Florence continues to struggle with wind shear today, and is managing just a slow intensification. Compounding Florence's troubles is the presence of some dry air at mid levels, as revealed this afternoon in the appearance of arc clouds at the surface. Dr. Jason Dunion of NOAA's Hurricane Research Division has posted a blog
this evening showing some examples of these arc clouds. What happens is that a ribbon of dry air at mid levels gets sucked into a thunderstorm inside of Florence, which then creates a strong downdraft that leaves its mark at the surface as an arc cloud that expands out in a semicircle.Hurricane Hunters in the air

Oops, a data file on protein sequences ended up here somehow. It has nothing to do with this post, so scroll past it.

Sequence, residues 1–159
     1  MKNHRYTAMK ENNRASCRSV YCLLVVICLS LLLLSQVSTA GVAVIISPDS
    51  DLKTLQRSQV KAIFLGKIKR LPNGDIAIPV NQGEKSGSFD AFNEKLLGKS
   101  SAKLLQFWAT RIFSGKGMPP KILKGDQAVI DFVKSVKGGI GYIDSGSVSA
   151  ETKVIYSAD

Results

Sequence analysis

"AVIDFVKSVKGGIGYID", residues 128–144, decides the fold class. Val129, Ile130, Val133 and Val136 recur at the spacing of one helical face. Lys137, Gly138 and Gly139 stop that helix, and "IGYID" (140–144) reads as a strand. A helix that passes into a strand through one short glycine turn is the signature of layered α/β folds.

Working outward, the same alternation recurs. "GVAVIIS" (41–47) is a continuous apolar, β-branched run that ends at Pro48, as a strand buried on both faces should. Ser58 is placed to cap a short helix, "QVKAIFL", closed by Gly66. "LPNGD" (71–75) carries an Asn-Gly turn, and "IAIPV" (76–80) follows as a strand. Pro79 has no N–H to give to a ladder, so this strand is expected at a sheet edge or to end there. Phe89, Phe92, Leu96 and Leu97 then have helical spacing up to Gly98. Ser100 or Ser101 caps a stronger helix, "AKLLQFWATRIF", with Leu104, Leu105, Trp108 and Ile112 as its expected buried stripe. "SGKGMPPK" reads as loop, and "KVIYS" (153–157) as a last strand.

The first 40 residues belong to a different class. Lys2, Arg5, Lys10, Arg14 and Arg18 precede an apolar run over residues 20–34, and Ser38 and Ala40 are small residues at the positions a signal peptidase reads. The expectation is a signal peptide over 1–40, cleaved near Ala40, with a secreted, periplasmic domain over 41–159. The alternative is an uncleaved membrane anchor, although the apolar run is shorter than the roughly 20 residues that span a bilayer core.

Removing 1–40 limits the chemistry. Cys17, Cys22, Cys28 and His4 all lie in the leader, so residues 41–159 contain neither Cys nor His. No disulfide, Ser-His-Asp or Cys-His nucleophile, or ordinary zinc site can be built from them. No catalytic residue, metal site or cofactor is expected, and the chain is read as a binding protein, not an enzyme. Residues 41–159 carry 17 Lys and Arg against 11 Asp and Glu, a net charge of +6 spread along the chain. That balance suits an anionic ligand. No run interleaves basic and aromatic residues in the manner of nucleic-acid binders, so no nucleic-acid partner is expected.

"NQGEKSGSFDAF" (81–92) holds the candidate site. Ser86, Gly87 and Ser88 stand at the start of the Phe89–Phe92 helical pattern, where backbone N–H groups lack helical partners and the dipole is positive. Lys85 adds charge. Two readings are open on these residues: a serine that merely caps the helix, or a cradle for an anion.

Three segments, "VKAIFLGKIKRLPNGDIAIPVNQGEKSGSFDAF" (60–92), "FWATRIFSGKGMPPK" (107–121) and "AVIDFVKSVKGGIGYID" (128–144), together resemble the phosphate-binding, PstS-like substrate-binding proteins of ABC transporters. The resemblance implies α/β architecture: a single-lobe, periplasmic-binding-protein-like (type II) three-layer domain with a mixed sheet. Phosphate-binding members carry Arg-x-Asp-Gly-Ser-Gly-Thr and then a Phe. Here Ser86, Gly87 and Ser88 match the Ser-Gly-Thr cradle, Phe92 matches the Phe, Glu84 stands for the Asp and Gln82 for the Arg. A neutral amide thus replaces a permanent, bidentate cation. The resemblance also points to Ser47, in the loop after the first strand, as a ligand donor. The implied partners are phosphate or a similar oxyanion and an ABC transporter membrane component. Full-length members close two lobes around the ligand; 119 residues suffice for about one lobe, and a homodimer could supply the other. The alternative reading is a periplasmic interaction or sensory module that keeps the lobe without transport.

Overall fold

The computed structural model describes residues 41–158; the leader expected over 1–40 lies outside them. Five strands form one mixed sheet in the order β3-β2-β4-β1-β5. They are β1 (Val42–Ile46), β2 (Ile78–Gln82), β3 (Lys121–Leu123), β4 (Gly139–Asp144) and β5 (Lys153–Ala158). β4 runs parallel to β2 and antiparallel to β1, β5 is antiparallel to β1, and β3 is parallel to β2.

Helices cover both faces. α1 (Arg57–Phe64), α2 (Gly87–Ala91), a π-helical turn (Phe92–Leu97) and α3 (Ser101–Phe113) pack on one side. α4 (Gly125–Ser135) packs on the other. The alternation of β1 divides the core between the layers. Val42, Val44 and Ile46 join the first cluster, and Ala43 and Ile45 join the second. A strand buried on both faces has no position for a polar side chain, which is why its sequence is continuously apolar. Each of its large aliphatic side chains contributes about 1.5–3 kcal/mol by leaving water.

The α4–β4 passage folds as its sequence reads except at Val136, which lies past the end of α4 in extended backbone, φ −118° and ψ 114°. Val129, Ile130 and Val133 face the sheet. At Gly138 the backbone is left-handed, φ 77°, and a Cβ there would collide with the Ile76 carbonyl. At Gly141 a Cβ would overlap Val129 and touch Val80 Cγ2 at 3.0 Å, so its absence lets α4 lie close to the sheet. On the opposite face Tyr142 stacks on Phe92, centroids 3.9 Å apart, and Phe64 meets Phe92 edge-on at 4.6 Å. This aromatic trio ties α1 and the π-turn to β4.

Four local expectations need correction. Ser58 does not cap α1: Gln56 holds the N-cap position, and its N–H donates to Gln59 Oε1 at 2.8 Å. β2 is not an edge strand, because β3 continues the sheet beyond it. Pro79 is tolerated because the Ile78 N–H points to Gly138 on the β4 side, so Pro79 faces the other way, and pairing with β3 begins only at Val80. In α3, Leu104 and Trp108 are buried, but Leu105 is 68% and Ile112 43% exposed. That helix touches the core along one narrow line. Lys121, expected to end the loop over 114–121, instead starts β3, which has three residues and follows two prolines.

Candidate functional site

The Air Force Hurricane Hunters are in the air off the North Carolina coast investigating a new area of concern that developed along the old cold front off the Carolina coast. So far, they've found peak winds of 20 mph at flight level (500 feet), but they aren't done investigating the system yet. This storm, designated "Invest 92L" by NHC this afternoon, is expected to move rapidily northeast away from North Carolina and become an extratropical storm Thursday night. If the Hurricane Hunters find a tropical depression, I'll post an update tonight.Figure 1.
Preliminary model tracks for Invest 92L, a tropical disturbance off the North Carolina coast.